But she didn’t notice the lashin’s! I guess she thought ’twas the wind alone that pressed the vessel over so. She stood near the wheel, which was lashed, with a hand standin’ by. I was at the for’ard end o’ the half-deck, and Bob was on the deck cargo near the foremast. I heard someone yell “Look out!” and I crouched down and grabbed a ring-bolt just as a big sea came over the whole len’th of her. Bob jumped for the foremast riggin’ and began to run up the under side o’ the ratlines; but that sea was higher than he could climb in the time he had.
The sea pitched him off the riggin’, flung him slap through the main staysail, and took him overboard on the lee side in one tremenjus rush o’ water. It took the storm trysail clean. It smashed to kindlin’ the small boat on the fore hatch. It busted the fo’c’sle slide and poured a stream inside the full size o’ the door; a fine mess, sea chests washin’ and smashin’ about, the cook’s kitten drowned in its basket in his bunk; and a bar’l o’ sauer kraut, that we’d no room for in the lazareete, spewin scraps o’ salt cabbage over everything.
I’ll never forget Linda’s scream. Ye could hear it above the noise o’ the water and the wind. I came to me feet yelling, “Man overboard!” The deck-load was slanted like the pitch of a roof now. I slid down to loo’ard. I could see Bob swimmin’ hard in the smother sixty or seventy yards off the port quarter. I knew he couldn’t hold up long in his seaboots and oilskins. All the lee runnin’ riggin’ was covered on its pins by the deck cargo, which had slid down hard ag’in the standin’ riggin; so there wasn’t a rope-end to throw.
The sea had staggered the brigantine and took her way off; she was driftin’ to loo’ard the same as Bob. Then I noticed the rags o’ the staysail — the one Bob went through — blowin’ out to loo’ard like streamers. Me and the helmsman caught hold of ’em and let ’em down into the sea so Bob could catch a hold. He got a good grip on ’em, and we pretty nigh had him in reach when we heard Linda scream again and saw another big green wall cornin’ over the starboard side.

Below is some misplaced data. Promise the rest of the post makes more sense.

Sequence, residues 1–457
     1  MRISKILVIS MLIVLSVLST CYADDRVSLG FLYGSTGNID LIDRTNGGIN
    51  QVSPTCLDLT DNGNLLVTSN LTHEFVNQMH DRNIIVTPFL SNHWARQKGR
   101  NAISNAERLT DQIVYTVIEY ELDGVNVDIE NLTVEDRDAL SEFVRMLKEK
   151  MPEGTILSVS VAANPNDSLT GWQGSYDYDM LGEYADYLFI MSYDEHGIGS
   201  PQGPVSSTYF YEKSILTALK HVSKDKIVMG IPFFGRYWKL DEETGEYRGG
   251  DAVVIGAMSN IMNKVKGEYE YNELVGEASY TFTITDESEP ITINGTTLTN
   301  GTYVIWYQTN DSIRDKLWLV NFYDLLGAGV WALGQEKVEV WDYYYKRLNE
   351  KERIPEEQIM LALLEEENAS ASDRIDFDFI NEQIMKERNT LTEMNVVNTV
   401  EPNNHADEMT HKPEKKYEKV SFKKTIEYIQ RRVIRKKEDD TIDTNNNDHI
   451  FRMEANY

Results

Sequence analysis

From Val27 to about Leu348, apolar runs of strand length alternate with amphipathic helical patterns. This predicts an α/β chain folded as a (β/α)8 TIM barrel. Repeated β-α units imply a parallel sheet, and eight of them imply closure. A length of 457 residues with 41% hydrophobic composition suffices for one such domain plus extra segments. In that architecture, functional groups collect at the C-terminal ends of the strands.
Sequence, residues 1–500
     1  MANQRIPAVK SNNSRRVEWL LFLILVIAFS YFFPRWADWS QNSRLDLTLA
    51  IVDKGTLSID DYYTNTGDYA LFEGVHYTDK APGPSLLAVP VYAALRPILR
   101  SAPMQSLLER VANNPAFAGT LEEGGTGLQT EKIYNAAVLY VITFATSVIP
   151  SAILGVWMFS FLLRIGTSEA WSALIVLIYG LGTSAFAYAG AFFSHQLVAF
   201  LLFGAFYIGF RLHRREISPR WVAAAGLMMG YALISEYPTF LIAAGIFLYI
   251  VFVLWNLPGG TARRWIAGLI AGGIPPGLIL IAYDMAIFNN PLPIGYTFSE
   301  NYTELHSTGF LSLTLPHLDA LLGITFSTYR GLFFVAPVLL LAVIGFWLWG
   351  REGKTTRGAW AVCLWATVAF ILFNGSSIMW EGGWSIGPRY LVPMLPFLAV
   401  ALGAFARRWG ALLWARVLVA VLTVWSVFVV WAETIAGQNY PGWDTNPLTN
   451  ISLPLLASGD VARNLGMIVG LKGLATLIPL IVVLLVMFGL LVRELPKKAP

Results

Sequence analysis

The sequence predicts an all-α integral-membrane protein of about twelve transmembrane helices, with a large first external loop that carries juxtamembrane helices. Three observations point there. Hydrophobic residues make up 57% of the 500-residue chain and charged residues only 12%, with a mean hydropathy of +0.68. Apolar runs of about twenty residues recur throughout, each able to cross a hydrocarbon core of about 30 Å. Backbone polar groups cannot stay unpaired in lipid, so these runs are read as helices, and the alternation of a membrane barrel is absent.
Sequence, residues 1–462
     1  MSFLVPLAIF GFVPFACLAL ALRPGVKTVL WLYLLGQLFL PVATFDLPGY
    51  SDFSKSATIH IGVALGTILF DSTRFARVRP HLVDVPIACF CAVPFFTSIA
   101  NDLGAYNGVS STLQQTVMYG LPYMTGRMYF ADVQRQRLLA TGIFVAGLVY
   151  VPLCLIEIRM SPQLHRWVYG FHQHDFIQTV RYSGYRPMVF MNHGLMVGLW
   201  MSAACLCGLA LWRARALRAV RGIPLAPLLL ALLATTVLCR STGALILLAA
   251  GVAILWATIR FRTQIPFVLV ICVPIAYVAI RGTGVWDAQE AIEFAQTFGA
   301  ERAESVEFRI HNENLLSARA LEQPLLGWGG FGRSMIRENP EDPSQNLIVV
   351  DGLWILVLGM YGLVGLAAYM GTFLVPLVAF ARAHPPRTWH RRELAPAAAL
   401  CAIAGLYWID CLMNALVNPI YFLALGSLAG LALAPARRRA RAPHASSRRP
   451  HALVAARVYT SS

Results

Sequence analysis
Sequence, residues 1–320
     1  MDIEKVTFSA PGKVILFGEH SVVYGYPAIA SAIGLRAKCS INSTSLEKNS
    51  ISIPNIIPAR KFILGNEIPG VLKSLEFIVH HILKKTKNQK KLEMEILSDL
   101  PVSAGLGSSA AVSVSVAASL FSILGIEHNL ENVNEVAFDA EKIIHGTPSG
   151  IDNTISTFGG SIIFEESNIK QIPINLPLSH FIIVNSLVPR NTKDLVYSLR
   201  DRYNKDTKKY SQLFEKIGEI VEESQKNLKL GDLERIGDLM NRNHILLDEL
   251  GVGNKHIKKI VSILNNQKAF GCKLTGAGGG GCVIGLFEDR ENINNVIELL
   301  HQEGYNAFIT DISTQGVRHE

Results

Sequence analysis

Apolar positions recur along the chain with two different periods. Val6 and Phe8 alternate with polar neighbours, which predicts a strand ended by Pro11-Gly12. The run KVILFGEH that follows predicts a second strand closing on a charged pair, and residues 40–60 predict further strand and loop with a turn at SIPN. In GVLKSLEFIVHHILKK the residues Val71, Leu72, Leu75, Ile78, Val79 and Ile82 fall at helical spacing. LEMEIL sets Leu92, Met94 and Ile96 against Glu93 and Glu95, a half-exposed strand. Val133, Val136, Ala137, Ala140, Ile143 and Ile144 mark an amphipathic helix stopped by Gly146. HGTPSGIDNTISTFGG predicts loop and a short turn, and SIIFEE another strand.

The helmsman and me grabbed the fore t’gallant and fore royal backstays while that sea went thunderin’ over us. It pretty nigh took our arm out o’ the sockets and it knocked the breath out of us, but we hung on. The sea tore Bob loose of his hold on the rags o’ the sail. We saw him to loo’ard ag’in, but not so far oft, and swimmin’ like a good ’un. Once again we worked the strips o’ canvas down to him, then worked him alongside. We got out on the fore chains and each slipped a hand under his armpits and swung him aboard. And like a flash there was Linda flingin’ her arms about him, laughin’ and cryin’ and sayin’ “Darling, darling, darling”, like that. I’d a job to get ’em both out o’ harm’s way aft.
Soon as he got his breath, Bob says: “We’ve got to put the ol’ hooker before it, somehow.” All our storm canvas was gone. The men was coming out o’ the fo’c’sle now like wet rats. Bob sent a couple aloft to goose-wing the lower topsail. That squared her off before the wind, and the Linda M. begun to move again, all hunched over to port. Then came a lull. The wind died, flat, and the brigantine rolled and pitched in the big greasy seas. ’Twas hot. We were all gaspin’ for air that didn’t seem to be there. The glass had dropped like a stone. Then it came to me what was in Bob’s mind, back home, when Linda sprung her notion about the lashin’s. ’Twas the hurricane season. And we’d walked straight into a West Indy buster.
There wasn’t time now to sling the deck-load overside —a slow job with a small crew, board by board. There was other things to do. We got another storm trysail bent and stowed on the boom. We put the helm down hard and lashed it there. We battened the fo’c’sle hatch with boards and canvas, and all hands came aft. Bob sent Linda below, promisin’ to come down every hour or so after the wind begun to blow again, so she could see he was all right. Finally we rigged a life-line acrost the half-deck and stood there, waitin’ for the big blow.
It was a long time cornin’, but then it came in a rush, first a hard squall, then the main wind. What went before was nothin’. This was the real thing. The sound it made would frighten ye out o’ your boots. It beat that big lumpy sea down flat — flat as a floor —in ten minutes, tearin’ off the tops and whippin’ the water away in spray. ’Twas like a nor’east blizzard back home, only blowin’ three times as hard, and spray flyin’ thick instead o’ snow. Ye couldn’t see for-ard from aft. The brigantine lay over to it, further and further, till the fore yard-arms were in the water and we thought it was all up with us.